Broadband Communities

JAN-FEB 2019

BROADBAND COMMUNITIES is the leading source of information on digital and broadband technologies for buildings and communities. Our editorial aims to accelerate the deployment of Fiber-To-The-Home and Fiber-To-The-Premises.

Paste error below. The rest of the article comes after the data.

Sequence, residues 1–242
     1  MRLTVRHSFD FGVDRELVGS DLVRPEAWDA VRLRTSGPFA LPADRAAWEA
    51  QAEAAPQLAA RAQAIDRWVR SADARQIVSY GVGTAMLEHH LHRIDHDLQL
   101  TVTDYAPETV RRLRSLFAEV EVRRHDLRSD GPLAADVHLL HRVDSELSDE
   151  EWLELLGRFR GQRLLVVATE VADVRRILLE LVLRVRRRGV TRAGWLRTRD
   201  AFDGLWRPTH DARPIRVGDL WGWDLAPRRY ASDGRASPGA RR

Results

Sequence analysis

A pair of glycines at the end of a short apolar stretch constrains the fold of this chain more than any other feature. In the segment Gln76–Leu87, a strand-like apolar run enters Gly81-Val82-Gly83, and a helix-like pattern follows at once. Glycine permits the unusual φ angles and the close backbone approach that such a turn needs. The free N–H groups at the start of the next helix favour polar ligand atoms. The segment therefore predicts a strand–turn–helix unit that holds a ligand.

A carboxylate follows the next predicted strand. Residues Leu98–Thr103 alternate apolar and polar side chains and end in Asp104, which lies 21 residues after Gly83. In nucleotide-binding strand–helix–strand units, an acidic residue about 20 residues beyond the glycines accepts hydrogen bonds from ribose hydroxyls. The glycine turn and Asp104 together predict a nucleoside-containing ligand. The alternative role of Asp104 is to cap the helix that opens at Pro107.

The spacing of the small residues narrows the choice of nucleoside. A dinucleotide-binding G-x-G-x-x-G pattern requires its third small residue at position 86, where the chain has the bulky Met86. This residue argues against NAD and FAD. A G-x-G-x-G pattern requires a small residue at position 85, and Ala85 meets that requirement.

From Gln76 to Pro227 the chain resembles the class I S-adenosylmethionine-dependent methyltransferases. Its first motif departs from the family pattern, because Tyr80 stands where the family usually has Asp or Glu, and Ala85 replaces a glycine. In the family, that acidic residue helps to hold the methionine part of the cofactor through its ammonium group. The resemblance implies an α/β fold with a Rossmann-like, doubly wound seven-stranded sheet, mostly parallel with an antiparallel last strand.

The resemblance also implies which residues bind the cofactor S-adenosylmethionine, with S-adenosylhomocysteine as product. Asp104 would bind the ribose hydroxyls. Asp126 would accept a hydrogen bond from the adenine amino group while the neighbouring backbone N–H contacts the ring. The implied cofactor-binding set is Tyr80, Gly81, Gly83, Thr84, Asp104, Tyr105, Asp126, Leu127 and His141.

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J A N U A R Y / F E B R U A R Y 2 0 1 9 | w w w. b r o a d b a n d c o m m u n i t i e s . c o m | B R O A D B A N D C O M M U N I T I E S | 3 7 the stakeholders are, how people want to use broadband and where the pain points are takes time. Local electric utilities are uniquely positioned to solve the rural broadband problem. Every electric utility and electric cooperative needs to consider broadband. Electric utilities own poles and conduit, they have experience working in and maintaining public rights-of-way, and they already connect and maintain wired infrastructures into all homes and businesses. With an understanding of local policies and a long track record of customer service and community involvement, local electric utilities need to be involved with broadband in the communities they serve. Utilities that have not yet considered providing broadband or have decided against broadband often justify the decision by saying "We're an electric company, and that's all we do," or maybe, "We don't run a technology company." All that is fine and is the prerogative of each utility, but at its core, every utility is a poles-and-wires company that is heavily involved with public infrastructure and maintains the public rights-of-way. ese are all important community assets and are the fundamental building blocks for broadband infrastructure. PARTNERSHIP MODELS Providing broadband should not be an all-or-nothing proposition. Broadband- averse utilities can continue to be infrastructure-focused public entities in partnership arrangements and, if necessary, involve private partners to handle the broadband business and customer management. For a utility averse to broadband, this model allows it to maintain its familiar role of taking care of poles and wires, with a private partner to manage every other aspect of the broadband service. Some partnership efforts are too broadly based and fail to get off the ground. Communities talk about broadband for years and do the studies, yet discussions continue. A community suffering from paralysis by analysis can simplify the process by considering the utility as its core infrastructure partner, perhaps identifying an operations partner, and then considering everyone else a customer. e broad-based broadband partnerships advocated through the last decade tend to confuse potential partners with potential customers. Sure, community anchors, institutions and government entities are community partners. All rely on broadband and will put it to its highest use. But at the end of the day, community anchors need to be considered key customers. Over the long term, they will be counted on to help drive revenue to sustain the business plan. KEEPING EARNINGS IN TOWN When communities debate whether to involve utilities in broadband offerings, they might consider utility participation as an economic development activity. People often bemoan the fact that corporations Total Households Subscribing Households Total Subscribers Average Monthly Cost Estimated Yearly Leakage 52,309 88.7% 46,387 $127.02 $70,705,932 AT&T (DSL) 8,463 $115.54 $11,733,780 Charter (Cable) 19,783 $125.86 $29,878,661 Comcast (Cable) 8,356 $135.38 $13,574,823 TDS (DSL) 6,428 $147.09 $11,345,934 WOW (Cable) 1,893 $99.61 $2,262,741 Satellite 1,464 $108.72 $1,909,993 Table 1: Estimated broadband expenditures in a two-county rural area Ready Solutions for Residential Fiber BDO Fiber Distribution Pedestals Non-metallic ber splice pedestals for both green eld and brown eld FTTP, with a variety of sizes supporting 48 to 576 bers and ber-only or copper/ ber splice points OHC288 Outdoor Fiber Hub Cabinet Flexible ber distribution to up to 288 subscribers from a compact pad, pole or wall mount cabinet. Front splice compartment and rear distribution compartment accessible through separate doors Charles Fiber Flexibility Points Scalable, low cost alternative to placing a large cabinet ber distribution hub in the outside plant. Available in 72, 96,144 and 288 ber counts with support for ribbon or loose tube ber

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